In 1955, Daniel Kahneman was a psychologist in the Israeli army, charged with finding out which soldiers would make good officer material. He devised a simple test: divide the men into groups of eight, remove their insignia to hide rank, and tell them to lift a telephone pole over a six-foot wall. This would reveal who were the leaders, who were the followers, and who were the quitters (or thought lifting ridiculously heavy telephone poles over a wall was a waste of time). After each batch, Kahneman and his team would recommend those soldiers they thought had the right stuff for officer school.
Every now and then, Kahneman would get feedback from the school on how his recruits were doing. The news wasn’t all good. It seemed being talented at pole-lifting didn’t translate directly into being good officer material. In fact, according to Kahneman, “there was absolutely no relationship between what we saw and what people saw who examined them for six months in officer training school”.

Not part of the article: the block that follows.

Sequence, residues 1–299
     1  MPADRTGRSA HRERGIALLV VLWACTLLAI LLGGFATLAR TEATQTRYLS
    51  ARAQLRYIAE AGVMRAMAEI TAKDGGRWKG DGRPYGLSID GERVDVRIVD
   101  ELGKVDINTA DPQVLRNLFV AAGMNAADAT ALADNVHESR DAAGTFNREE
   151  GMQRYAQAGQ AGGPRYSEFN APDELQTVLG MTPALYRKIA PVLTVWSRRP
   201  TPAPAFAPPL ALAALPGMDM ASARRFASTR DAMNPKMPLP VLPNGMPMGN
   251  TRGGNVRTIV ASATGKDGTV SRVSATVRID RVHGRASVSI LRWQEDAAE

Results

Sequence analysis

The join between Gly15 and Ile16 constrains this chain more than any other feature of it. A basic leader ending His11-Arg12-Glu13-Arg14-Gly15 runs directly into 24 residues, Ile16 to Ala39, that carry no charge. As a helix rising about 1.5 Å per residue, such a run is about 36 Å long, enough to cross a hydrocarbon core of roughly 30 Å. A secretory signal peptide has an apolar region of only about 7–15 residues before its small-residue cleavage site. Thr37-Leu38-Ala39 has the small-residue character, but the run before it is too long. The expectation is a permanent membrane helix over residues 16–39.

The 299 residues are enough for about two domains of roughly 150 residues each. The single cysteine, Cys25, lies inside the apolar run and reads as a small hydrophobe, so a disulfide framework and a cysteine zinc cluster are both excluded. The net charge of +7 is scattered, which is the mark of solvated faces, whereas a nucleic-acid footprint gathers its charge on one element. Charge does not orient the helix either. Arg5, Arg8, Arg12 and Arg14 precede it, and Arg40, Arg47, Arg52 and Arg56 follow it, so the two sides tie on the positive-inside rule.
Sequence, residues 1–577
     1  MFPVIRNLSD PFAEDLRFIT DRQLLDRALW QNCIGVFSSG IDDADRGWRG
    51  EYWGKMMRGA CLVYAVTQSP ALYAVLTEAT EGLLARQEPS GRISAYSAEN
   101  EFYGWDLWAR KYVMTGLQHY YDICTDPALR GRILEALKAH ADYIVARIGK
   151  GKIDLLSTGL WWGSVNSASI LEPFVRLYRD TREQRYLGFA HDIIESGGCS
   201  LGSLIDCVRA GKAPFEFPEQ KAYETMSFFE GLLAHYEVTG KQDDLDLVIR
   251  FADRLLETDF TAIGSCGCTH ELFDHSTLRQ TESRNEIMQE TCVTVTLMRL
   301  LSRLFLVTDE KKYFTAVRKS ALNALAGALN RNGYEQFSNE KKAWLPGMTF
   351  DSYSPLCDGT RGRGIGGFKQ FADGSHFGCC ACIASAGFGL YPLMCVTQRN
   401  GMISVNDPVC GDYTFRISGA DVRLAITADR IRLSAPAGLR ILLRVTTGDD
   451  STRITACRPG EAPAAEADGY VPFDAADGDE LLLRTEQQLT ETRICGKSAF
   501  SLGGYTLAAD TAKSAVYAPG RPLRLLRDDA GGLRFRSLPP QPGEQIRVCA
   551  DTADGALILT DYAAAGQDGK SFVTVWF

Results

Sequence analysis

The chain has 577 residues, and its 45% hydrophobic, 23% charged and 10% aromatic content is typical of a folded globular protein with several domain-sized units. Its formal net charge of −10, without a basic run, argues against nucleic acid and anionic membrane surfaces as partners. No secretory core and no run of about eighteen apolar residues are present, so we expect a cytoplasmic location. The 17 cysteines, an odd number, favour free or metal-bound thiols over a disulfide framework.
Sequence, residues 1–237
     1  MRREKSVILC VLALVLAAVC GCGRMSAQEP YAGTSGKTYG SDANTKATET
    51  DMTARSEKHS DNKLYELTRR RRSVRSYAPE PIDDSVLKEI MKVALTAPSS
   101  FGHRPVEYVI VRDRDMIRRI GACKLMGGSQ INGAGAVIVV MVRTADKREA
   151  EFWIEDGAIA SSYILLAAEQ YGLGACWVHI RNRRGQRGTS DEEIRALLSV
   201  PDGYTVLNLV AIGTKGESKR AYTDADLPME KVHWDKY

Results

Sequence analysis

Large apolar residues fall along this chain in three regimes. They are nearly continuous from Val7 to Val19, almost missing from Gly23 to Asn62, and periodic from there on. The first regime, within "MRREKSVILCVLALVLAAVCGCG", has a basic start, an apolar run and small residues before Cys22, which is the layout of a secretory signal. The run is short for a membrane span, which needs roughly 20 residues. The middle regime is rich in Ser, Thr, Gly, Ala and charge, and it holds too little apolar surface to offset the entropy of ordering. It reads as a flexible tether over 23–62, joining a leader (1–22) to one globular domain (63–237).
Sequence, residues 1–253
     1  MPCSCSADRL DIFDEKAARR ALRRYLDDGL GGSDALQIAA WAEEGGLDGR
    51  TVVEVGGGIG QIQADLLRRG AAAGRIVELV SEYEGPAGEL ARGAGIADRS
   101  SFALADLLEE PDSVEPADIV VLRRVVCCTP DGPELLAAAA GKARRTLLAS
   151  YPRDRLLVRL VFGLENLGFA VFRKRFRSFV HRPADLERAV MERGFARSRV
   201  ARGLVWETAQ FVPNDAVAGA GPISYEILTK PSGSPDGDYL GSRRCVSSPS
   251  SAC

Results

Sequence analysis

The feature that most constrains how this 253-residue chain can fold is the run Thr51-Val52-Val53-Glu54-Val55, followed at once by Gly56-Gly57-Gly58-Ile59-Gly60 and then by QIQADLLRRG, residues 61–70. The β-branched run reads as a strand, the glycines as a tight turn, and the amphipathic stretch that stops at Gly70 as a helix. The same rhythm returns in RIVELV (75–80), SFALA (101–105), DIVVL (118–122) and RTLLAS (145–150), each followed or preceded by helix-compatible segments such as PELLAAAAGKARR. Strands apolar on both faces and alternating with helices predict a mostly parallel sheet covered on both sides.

Interestingly, this piece of information did not change Kahneman’s mind about the validity of his technique. “The next day after getting those statistics, we put them there in front of the wall, gave them a telephone pole, and we were just as convinced as ever that we knew what kind of officer they were going to be.”
Kahneman thought he was testing the soldiers – but he turned out to be testing himself. He was clinging to his theories, even when they were in conflict with data. He later coined a name for the phenomenon: “the illusion of validity.” We put too much faith in our power of judgement, and tend to ignore or downplay information that doesn’t agree.
Although it came too late to save the army careers of a number of soldiers, the insight would eventually lead to the creation of a new field of study – behavioural economics – that is now influencing behaviour at the highest level of governments, and reshaping our understanding of economics.